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What you need to know for 04/23/2017

Former Cappiello farm now home to ethically raised animals

Former Cappiello farm now home to ethically raised animals

At the new Wm. H. Buckley Farm in Ballston, cows and their calves wander in the woods and chickens r

At the new Wm. H. Buckley Farm in Ballston, cows and their calves wander in the woods and chickens roam in a fenced yard with two dogs to chase away nighttime predators.

Chickens, turkeys and pigs follow the sound of Mark Sacco’s voice as he visits them in their respective areas of the 289-acre farm at 946 Route 50, the former Cappiello farm that Sacco and his family bought in January for $1.05 million.

He owns Wm. H. Buckley Farm with his wife, Elizabeth Sacco — they live in Niskayuna — and his parents, Kathy and Peter Sacco. His children, ages 6, 8 and 10, help on the farm too, and the family has a hired farmhand.

But Mark Sacco does much of the farm work himself, despite also having his own law practice in Schenectady.

The company started raising grass-fed beef in 2005 at a farm in Valley Falls, Rensselaer County. That farm was formerly called the William H. Buckley farm, so the family took that name for the business.

Vendors and customers snapped up the beef, and “We realized they also wanted other stuff,” Sacco said. So the family began raising other animals in the same natural way, eschewing the growth hormones and antibiotics fed to some commercially raised livestock.

Most of the animals roam in large areas, grazing and foraging as they wish.

“I’m not a big confinement guy. In my mind, it’s harder to

[keep livestock penned up],” Sacco said. By letting them roam, “You cut down on your vet bill; the offspring are happier.”

Some of his customers say eating the natural meat has eased their symptoms of various disorders.

“It’s real, switching your diet to affect your life,” Sacco said.

The family runs a farm store from 9 a.m. to 3 p.m. every Saturday, selling fresh sausage, chicken, steaks, pork, bacon and eggs. Visitors are welcome to take a look around, he said: “We let people see what we’re doing.”

The farm also sells directly to customers on its website and sells meat through several local food stores.

At the Ballston farm, the Saccos have 80 cows and calves, 650 egg-laying chickens and 300 young turkeys that will be ready for Thanksgiving.

They also have three young female pigs that will birth market hogs. There are also a few sheep to keep the grass down in the chicken pen, a ram that will father spring lambs and Willie, a docile orphaned calf with a bum leg who lies on the cool cement floor of the barn and is bottle-fed a gallon of milk a day.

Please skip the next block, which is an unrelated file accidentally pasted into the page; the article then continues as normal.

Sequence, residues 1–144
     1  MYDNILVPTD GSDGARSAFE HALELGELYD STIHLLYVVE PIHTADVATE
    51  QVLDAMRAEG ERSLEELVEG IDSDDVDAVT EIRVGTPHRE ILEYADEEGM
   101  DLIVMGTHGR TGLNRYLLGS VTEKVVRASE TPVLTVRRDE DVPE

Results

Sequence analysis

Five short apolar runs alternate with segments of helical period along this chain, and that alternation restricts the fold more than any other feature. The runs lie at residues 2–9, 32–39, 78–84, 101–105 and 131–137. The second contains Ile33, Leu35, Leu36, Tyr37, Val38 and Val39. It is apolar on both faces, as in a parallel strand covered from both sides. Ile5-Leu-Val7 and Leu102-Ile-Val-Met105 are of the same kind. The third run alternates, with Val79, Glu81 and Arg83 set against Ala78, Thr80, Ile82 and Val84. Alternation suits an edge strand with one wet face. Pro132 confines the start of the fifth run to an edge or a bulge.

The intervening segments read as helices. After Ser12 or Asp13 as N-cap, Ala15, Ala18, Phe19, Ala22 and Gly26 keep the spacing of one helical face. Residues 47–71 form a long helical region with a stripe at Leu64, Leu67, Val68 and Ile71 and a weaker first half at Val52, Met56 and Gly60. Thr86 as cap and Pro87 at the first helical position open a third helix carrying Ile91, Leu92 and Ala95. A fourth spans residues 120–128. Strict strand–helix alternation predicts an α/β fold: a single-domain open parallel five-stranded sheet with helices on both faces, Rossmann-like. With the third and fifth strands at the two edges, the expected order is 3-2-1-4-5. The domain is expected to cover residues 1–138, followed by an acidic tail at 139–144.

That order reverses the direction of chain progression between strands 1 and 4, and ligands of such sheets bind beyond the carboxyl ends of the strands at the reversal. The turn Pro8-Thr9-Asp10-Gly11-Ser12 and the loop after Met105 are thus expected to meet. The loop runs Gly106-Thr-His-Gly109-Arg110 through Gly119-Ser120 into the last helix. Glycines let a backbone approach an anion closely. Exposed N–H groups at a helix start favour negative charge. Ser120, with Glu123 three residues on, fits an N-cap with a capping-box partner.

Buckley Farm raises all of its livestock, birthing beef cattle, pigs and lambs and raising chickens from day-old chicks rather than buying the animals mostly grown like some farms do.

The Valley Falls farm has 175 cattle and 100 hogs that will be moved over to the Ballston farm, which will become the company’s main site.

The various animals complement each other, Sacco said. The fowl chow down on bugs, including grubs, insects and ticks. Their appetite for ticks and fly larvae helps the cows. And the cows help feed the chickens, because cow dung attracts flies, which lay eggs in it. The chickens eat the maggots and also help break down the manure by scratching and spreading it around to get at the bugs.

The farm’s high ground and rolling hills offer views of Ballston Lake and the Green Mountains in Vermont.

The Cappiello family sought for years to develop or sell the high-profile farm, including offering last summer to sell most of it to the town of Ballston for $600,000 for use as open space.

But some town officials were reluctant to take the plunge, and the family first raised the price to $879,000 and then pulled the offer and began negotiating with the Saccos.

Since the January settlement, there’s been a lot of work to do on the farm, which had not been cultivated for years, Sacco said.

The Saccos cut brush from fields, installed new roofs on the barns, erected countless fence posts, stabilized the barns and replaced some rafters.

“You couldn’t even walk down here on foot when we started,” Sacco said of an area that was covered in brush and is now cleared.

The 200-year-old Cappiello dairy barn was falling down when the Saccos bought it, and they shored it up.

“We’re working 20 hours a day right now,” he said.

Plus, Sacco has a second life as a criminal defense lawyer. His recent cases have included such high-profile clients as Llenroc owner Annie George, who was convicted of harboring an illegal immigrant, and Timothy Kaufman, a former U.S. Marine who was charged with killing a couple in the Philippines and was arrested in Clifton Park.

But Sacco said he keeps his two professions separate.

On a recent afternoon, the Belted Galloway cows and their calves blinked at him from the edge of the woods near the meadow where they graze, the younger calves fleeing deeper into the trees at the sound of the all-terrain vehicle Sacco drove.

“They like the woods in the warm weather,” Sacco said. “They usually graze in the morning and evening and hang out in the woods during the day.”

The cows are 100 percent grass-fed, he said.

Belted Galloway is a hardy Scottish breed that has been spared from inbreeding and retains its natural instincts, Sacco said.

For example, if a calf lies down after birth instead of standing, the females will encircle it to keep it warm until it can stand, he said.

The breed thrives on grass and yields high-quality meat.

“They have very rich milk, so their calves do well,” he said. “They haven’t been bred to just be big.”

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